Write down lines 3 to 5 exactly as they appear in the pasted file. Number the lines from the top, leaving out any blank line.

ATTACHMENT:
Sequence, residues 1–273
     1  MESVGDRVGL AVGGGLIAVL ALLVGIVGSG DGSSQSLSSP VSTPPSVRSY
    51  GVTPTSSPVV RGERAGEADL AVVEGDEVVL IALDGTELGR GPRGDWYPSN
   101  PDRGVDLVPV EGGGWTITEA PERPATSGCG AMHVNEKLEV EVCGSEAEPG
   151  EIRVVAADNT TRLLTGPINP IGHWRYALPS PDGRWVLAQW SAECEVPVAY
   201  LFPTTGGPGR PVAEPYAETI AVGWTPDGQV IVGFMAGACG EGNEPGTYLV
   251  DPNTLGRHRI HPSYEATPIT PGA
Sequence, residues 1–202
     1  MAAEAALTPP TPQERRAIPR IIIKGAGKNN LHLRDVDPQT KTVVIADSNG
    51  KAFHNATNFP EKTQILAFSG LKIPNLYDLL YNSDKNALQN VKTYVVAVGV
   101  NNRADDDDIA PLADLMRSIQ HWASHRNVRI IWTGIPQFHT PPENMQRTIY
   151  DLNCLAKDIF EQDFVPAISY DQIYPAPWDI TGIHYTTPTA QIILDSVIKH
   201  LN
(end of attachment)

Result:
    51  GVTPTSSPVV RGERAGEADL AVVEGDEVVL IALDGTELGR GPRGDWYPSN
   101  PDRGVDLVPV EGGGWTITEA PERPATSGCG AMHVNEKLEV EVCGSEAEPG
   151  EIRVVAADNT TRLLTGPINP IGHWRYALPS PDGRWVLAQW SAECEVPVAY